On a hot day in late July, with a dozen supporters standing behind him and filming the encounter on their phones, TJ Bussiere marched into the Starbucks at Broad and Washington where he worked, looked his manager in the face, and demanded she resign.
The group had other demands, too, which the 20-year-old barista read out loud, while his manager looked on, deadpan: Managers at Broad and Washington must be held accountable for “discriminatory practices” against workers of color and LGBTQ workers. The store must immediately implement the city’s new law mandating more consistent schedules for workers. And managers must inform workers of their rights, under Philadelphia law, to those schedules and paid sick leave.
Videos of the confrontation instantly went up on social media under the hashtag #justiceforbroadandwashington.
Less than two weeks later, after a series of higher-level Starbucks officials descended on the store, the manager in question was no longer with Starbucks.
It was a victory, sure. But Bussiere and his colleagues were just getting started.
Four months later, their vision has broadened beyond the store at Broad and Washington. Bussiere and fellow barista Echo Nowakowska say they’re meeting weekly with other Philly Starbucks workers to discuss workplace issues — scheduling, discipline, and dealing with people’s emotions, aka emotional labor — and how they can work together to demand Starbucks make changes.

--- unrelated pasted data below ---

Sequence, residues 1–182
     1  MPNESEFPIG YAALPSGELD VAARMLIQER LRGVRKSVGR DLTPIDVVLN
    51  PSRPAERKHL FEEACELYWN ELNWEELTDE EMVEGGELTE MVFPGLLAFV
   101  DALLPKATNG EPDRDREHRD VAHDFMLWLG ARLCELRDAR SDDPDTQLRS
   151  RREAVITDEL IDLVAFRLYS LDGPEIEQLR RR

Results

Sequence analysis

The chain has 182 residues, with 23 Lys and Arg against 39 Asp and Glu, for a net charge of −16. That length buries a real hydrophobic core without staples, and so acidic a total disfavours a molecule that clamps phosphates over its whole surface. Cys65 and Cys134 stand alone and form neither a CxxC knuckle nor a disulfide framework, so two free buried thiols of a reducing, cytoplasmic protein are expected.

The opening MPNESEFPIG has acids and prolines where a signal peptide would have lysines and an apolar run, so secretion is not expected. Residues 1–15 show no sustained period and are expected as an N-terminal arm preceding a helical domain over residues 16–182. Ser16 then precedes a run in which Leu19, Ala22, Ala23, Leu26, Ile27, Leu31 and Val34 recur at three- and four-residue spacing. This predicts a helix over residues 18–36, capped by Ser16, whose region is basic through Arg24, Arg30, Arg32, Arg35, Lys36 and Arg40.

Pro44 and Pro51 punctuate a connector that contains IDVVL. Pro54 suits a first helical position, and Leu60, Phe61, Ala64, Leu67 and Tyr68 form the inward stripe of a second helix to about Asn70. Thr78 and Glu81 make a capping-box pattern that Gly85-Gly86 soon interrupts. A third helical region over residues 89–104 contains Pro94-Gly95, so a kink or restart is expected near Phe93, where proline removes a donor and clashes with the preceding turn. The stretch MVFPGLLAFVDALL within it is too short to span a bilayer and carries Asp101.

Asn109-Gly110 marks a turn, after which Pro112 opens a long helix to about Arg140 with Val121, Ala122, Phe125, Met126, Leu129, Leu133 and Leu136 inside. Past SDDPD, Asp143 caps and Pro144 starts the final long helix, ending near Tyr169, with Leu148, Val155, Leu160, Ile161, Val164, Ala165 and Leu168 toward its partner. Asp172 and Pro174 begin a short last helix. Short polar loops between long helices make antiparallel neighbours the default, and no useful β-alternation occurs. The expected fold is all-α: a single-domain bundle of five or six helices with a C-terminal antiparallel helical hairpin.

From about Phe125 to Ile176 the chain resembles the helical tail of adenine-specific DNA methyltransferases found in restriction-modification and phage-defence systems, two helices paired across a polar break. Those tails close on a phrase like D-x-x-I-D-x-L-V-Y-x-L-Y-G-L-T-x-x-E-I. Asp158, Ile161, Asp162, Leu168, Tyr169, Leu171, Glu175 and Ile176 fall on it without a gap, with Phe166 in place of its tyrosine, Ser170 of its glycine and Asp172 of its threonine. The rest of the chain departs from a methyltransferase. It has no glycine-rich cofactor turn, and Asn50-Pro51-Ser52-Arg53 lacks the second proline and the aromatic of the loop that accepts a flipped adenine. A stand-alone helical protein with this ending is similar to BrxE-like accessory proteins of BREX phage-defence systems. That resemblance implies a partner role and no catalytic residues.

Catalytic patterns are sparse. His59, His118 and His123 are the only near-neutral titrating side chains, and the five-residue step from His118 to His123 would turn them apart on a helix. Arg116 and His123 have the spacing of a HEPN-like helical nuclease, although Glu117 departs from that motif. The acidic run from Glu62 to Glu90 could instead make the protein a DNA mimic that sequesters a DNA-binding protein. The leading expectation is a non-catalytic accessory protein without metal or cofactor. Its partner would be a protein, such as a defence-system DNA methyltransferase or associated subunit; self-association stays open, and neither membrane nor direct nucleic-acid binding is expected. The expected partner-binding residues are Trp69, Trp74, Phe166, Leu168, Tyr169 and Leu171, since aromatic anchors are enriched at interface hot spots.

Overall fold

“They say that Starbucks is all about ‘customer connection,’” said Nowakowska, 26. “We’re the ones that create that.” And yet, she said, “There’s no way for us to actually have respect. There’s no security in our jobs.”
Even in this time of increased worker activism and a push for more labor rights for the low-wage workers at big-box chains, the Starbucks workers’ organizing is unusual: They lack the institutional support of a traditional union or a labor group. There’s no paid organizer running the show; they’re doing it themselves. And they’re doing it in a sector that experts say is nearly impossible to organize.
But can a ragtag group of young baristas, as social media savvy and informed on their labor rights as they may be, really move a mega-corporation with a long track record of squashing worker organizing? It’s a long shot. But some say what the group has already accomplished is impressive and a sign of things to come.
What drove them to organize
Nowakowska, a former community organizer who dropped out of Temple University because she couldn’t afford it, started working at the high-volume Starbucks at the Marriott Downtown last December. She chose Starbucks because of its reputation for being LGBTQ-friendly. That was important to Nowakowska, who’s trans, especially at the time as she was just starting to transition.
It was good at first, she said. It was when she got transferred to the new Broad and Washington store a month later that things took a turn.